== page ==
• As a small kid, I also grew up in the Laguna Beach Marine Room. I have both an Abby Vaughan portrait of me she made for my parents and an Interlandi print. I miss all the old regulars who raised me as a youngster. Still great at Shuffle Board.

    2. Hello,
      I have been searching for a Laguna Beach artist by the name of Abby Vaughan. My Mom feel in love with her drawings of musicians some time back. I found an envelope in Mom ‘s house with Abby’s address on Alta Laguna Blvd. Is this the same Abby Vaughan ? I found an Abby Vaughan now living in Oregon but none of the artwork on her website looks like the note cards my Mom has. I’d be a buyer of some of her musician themed pieces if the price is right.
      Thank you,

      • That is definitely Abby! A dear family friend. She did do musicians as well as many other topics from her travels and fondnesses. I do not have any musical pieces, nor do any of my siblings. However, her children, David & Mindy have a storage full of her paintings. Or at least this is what I was told several years ago by another mutual friend of my moms & Abby’s, Jean Rahn (spelling may be wrong). I haven’t seen David or Mindy in years and do not know where they are, but you could probably search both. Such a lovely family! I hope this helps you in your quest!!!

    3. Through a twist of fate, I came across the comments about Abby Vaughan. She is/was my Sister! As you might imagine, it is gratifying to read the very favorable comments about her. I know she would be appreciative.
      Her son and daughter are alive and well. Those interested in making contact with them can send me their interest and contact information and I will forward it to them. I think it best to handle it that way, to avoid any breach of privacy on either party.
      My son, a patent attorney, has decorated his entire office with many pieces of Abby’s work. He came across these posted comments as he searched for background information on Abby, in preparation for an article to be published in an art magazine.
      While Abby is gone in body, her spirit and her work live on. Her art can be found in many parts of the world…including England!

      • Dear Mark,

        I enjoyed reading your tribute to Abby Vaughn.

        Abby drew a painting of me while I was performing a piano concert in Washington D C about twenty years ago. She was kind enough to send me a snapshot of the finished product which copy I can send you. I am interested in obtaining a slightly better copy of it for my office. Perhaps a photograph?

        If you have an e mail I could send the jpg. I would love to know if it is still inexistence.

        Kind regards,

        Neil Rutman

      • I would love to get in touch with Abby’s family, as I have two works of hers! See my comment below. If you like, find me on Facebook to contact me!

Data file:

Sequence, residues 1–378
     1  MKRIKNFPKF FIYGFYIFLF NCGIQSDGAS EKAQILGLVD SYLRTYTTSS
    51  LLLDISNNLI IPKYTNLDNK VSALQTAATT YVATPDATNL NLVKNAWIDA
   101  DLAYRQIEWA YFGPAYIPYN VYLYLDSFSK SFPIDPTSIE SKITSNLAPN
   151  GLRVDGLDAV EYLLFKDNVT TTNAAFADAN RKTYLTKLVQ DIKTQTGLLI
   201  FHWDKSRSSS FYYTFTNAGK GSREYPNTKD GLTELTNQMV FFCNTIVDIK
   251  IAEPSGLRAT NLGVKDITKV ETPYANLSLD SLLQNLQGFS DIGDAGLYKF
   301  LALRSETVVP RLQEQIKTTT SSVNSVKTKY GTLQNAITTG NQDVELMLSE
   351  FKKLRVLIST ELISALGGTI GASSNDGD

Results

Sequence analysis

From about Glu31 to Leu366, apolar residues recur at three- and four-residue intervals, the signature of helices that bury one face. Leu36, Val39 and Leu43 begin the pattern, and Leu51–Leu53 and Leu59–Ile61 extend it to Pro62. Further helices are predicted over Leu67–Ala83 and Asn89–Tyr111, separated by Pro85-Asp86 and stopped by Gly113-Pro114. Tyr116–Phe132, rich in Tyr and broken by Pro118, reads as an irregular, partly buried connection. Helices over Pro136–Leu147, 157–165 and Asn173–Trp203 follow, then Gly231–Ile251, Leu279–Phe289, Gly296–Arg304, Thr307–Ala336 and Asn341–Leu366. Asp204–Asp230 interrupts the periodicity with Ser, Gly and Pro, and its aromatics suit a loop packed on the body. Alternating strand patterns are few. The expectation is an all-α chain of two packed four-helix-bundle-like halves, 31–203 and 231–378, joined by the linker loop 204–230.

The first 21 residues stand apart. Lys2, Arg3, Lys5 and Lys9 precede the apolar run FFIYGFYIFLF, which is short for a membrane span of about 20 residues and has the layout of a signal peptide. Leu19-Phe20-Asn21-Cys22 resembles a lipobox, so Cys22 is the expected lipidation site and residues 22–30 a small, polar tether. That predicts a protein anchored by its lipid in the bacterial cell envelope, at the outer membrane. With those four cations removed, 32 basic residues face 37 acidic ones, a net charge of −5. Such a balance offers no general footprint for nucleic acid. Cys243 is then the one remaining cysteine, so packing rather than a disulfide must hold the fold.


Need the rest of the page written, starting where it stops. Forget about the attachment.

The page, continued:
• Dear Mark,

        I am a musician who lived in Orange County for a few years (1978-84), and knew your sister, Abby. She painted many works with me playing the cello with many of my colleagues. I have been storing them for many years (we live in Altadena) and would love to find a good “home” for them since we don’t have the room to hang them all! Please contact me at your convenience. I would be happy to take them to you (if you live in the LA/Orange County area) or to Mindy (who I have lost contact with over the last 30-plus years). Best, Stephen Erdody

    4. I have been searching for Abby for many years. I invited her to be artist in residence at Benedict Castle in Riverside, CA.,in the 1960’s and, during that time the Castle was known as Our Lady of Riverside Seminary and was a Servite Theological Seminary. I lived and taught there and, attended classes at UCR. Abby made her studio in the Tower of the Castle which had it’s private elevator and created many beautiful paintings there. I was also the Director and Curator of the Servite Gallery in the basement. Abby exhibited her art works in the gallery and met with great success. Abby was a gifted artist. I shall never forget her. Her memory was especially vivid just this past week when I attended a magnificent installation of the serigraphs of Corita Kent at the (PMCA,) Pasadena Museum of California Art. Abby, myself and a member of the Riverside Art Association visited with Sister Corita, as she was known at that time. The association purchased her entire collection of serigraphs for that year! Meantime, Abby completed 3 full portraits of Sister Corita, taping paper as she skeched the lines. I invited Corita to exhibit in the gallery and without hesitation agreed! I would love to hear from Mindy and David as I knew them when they were very young and Mark,I also met your lovely Mom as Abby created a painting of her. Please feel free to contact me. Thank you!

    5. Abby did 3 pen and ink sketches of my daughter playing the flute with her good friend at the piano. These were commissioned by me to save a very special time when they played at Suzanna’s restaurant opposite Hotel Laguna. They hang on my living room wall. I love them

    6. Please let me know if there is a way to contact Abby’s children. I have two watercolors she did of me during a recital in Los Angeles, and they’ve been hanging in my parents’ house ever since. I’m clearing their house out now, and would love to get this to her heirs, if possible.